….Speaks on the N100bn bond to bring decent 5,000 buses to ‘mega-city’
….The mono-rail, Blue Line, Red Line, Fourth Mainland Bridge to come’
By Jide Ajani
Governor Akinwumi, Ambode, in a session with some editors, last week, spoke on his dream for a new Lagos State. Excerpts:
The Bus Reform Initiative of your administration looks quite ambitious. What is the cost implication and how do you intend to finance it?
Generally, for Lagos to thrive, you need an effective integrated public transportation management system. It is very clear that one of the things that this government has decided to take on is that whenever we want to deal with any issue, we want to accept first that there are deficiencies. It is only when we know the deficiencies that we start to process how to find solution.
So, one of the things you see in Lagos is that connectivity is a major challenge. We have almost 23 million people in the state out of which 11 million move at every point in time while about six million do it by walking. So, the concept there is that you want to find something that can move ordinary Lagosians from one point to the other so that productivity can increase. Having said that, road transportation is not the only means of moving people, but with the way Lagos is designed presently, road transportation is dominant.
And we have these buses that do not work efficiently and government, on its part, has not been able to provide efficient alternative. So, should we continue with this private ownership of buses under which you have these yellow buses, also known as Danfo, since the time of Governor Lateef Jakande over 30 years ago? So, we decided that whatever solution that we want to give, we must also provide a comfortable means of moving people and allows the middle class and majority of people to leave their cars at home.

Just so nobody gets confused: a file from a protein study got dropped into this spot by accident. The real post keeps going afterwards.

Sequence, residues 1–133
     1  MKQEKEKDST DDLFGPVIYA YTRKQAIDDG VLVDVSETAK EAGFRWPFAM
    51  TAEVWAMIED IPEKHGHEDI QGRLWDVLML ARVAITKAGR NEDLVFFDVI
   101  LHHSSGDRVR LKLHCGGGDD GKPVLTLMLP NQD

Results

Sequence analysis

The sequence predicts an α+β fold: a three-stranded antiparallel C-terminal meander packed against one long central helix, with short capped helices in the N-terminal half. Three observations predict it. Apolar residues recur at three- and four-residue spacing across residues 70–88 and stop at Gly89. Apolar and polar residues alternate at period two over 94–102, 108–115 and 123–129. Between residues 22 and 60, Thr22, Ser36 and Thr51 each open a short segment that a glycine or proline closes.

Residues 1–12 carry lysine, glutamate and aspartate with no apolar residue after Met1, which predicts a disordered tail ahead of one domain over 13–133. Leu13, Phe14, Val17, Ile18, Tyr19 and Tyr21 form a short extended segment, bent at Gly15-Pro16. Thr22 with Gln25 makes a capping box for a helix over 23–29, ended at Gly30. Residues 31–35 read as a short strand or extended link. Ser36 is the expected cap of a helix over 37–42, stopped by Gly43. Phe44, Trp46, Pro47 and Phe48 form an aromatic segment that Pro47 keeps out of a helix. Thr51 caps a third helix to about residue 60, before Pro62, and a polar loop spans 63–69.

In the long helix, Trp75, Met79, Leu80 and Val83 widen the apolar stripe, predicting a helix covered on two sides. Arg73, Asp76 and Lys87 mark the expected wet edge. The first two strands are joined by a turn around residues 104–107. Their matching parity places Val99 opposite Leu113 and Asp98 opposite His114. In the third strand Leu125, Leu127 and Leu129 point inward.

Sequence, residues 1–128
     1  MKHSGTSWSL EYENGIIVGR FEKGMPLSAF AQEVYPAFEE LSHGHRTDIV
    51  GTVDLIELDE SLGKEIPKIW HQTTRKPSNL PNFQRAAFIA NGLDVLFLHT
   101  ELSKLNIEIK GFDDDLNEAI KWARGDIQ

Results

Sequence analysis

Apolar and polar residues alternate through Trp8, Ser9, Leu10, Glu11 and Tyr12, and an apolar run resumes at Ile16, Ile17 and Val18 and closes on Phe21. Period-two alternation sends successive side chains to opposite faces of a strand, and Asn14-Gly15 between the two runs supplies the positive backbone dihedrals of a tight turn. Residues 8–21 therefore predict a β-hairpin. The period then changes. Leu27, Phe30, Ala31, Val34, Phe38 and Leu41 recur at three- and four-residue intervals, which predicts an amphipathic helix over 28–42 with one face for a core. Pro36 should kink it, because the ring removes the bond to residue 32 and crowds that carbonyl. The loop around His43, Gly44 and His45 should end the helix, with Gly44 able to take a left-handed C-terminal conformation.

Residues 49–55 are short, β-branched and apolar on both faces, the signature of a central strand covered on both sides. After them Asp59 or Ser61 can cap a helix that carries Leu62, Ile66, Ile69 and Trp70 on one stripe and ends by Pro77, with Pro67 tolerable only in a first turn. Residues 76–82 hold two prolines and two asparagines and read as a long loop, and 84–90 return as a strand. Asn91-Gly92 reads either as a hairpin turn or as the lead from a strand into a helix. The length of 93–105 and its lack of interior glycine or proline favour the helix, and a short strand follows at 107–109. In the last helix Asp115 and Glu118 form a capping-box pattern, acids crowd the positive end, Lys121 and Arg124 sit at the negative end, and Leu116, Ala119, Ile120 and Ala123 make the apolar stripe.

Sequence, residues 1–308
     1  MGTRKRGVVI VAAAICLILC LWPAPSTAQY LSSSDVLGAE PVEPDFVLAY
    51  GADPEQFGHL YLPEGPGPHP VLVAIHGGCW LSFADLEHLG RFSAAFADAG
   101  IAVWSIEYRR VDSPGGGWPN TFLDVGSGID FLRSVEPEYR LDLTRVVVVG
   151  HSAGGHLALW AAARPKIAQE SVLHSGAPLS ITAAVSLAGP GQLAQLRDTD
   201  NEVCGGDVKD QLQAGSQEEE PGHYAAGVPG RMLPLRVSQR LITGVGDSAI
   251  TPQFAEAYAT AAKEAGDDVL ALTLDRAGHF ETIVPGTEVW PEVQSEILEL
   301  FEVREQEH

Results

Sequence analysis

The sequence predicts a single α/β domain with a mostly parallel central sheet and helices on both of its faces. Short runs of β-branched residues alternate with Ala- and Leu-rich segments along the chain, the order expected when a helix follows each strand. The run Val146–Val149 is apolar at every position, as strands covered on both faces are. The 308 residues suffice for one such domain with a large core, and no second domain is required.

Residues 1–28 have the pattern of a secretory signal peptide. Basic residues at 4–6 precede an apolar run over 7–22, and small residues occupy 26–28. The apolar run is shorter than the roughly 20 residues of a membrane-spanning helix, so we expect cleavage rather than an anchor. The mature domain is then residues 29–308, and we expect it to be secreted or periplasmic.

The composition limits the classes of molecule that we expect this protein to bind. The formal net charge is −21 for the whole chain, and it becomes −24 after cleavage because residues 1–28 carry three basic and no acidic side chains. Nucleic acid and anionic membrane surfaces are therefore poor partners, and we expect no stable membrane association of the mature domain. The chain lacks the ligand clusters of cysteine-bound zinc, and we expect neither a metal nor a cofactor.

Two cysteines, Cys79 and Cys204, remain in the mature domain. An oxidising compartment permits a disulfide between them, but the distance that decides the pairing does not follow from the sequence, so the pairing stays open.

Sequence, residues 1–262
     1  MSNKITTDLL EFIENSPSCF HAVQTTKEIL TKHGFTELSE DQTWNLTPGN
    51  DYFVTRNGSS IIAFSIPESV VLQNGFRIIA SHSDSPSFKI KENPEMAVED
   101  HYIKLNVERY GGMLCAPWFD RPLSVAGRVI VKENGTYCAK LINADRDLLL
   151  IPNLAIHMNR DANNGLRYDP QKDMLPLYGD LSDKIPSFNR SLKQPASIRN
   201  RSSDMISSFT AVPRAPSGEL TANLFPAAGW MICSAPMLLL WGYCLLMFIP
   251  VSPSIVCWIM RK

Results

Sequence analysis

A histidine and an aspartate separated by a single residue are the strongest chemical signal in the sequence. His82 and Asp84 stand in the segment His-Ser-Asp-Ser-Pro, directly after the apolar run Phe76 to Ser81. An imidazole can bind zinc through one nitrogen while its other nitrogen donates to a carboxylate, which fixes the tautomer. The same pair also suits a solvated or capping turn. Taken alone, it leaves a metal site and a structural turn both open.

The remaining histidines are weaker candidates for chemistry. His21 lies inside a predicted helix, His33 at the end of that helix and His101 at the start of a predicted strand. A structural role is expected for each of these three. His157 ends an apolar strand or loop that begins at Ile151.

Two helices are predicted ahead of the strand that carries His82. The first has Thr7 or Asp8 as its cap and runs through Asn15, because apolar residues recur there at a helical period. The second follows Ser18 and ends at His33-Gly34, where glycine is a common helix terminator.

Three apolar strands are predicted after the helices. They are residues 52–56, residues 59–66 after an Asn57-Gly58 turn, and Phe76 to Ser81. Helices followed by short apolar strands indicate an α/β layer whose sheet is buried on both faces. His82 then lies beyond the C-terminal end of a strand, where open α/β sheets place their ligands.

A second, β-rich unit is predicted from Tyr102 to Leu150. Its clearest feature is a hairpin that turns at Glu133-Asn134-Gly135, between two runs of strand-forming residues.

The whole idea is that if we say Lagos is going to be globally competitive, we must change the way we move around. Now, we have 30,000 of these yellow buses in the city and each of them crams about 12 people inside it. And so, we decided to allow the buses to go and the bus reform initiative is a three-year plan that begins in 2017 and ends in 2019 under which we will bring in new buses of 5,000 units.
Each of the big buses will carry 70 people while the medium will carry 30. We believe that the middle range buses will take about 70 per cent of the total volume which will amount to about 3,600 units. So, how are we going to fund it? To start with, public transportation is not a profitable business and you are not likely to see major investors in it and so we decided to use our own vehicle, the LAGBUS, which is a private company to drive a public transportation infrastructure bond.
That bond is coming to the capital market in which every Lagosian should be interested in buying into it and we believe the N100billion bond that takes seven to ten years to mature can take care of the structure that we have put in place. We are working on the financial template and this is the breakdown – government has a sinking fund of N14.5bn that we want to put into this bond. You are aware that the Federal Government paid the refund of the Paris Club loan last December. We have decided not to touch our own share of the refund.
And we believe that the second batch of the refund should be paid next month to push the total refund to N29billion that we will have. I will add another N1billion to make it N30billion to kick start this initiative. By the time we have N30bn to drive the bus initiative against the bond of N100billion that we want to put into the market, there will be that credibility that the bond will drive itself. The second level of the initiative is that we intend to give out franchise to people and the franchise is going to come in multiple of 50 buses each, 100 buses, 200 buses and so on. So, if you have that franchise, you are going to give us a down payment of 25 per cent for the buses.
With the sinking fund, our exposure as a government is technically 75 per cent. So, from the kind of machinery we want to use to run the buses, there are no cash takings, everything is automated and, obviously, who ever has a franchise, whoever drives, takes part of the money while part of the intake also goes to the repayment of the facility and so it is a comprehensive template. Then you have a human angle to the project.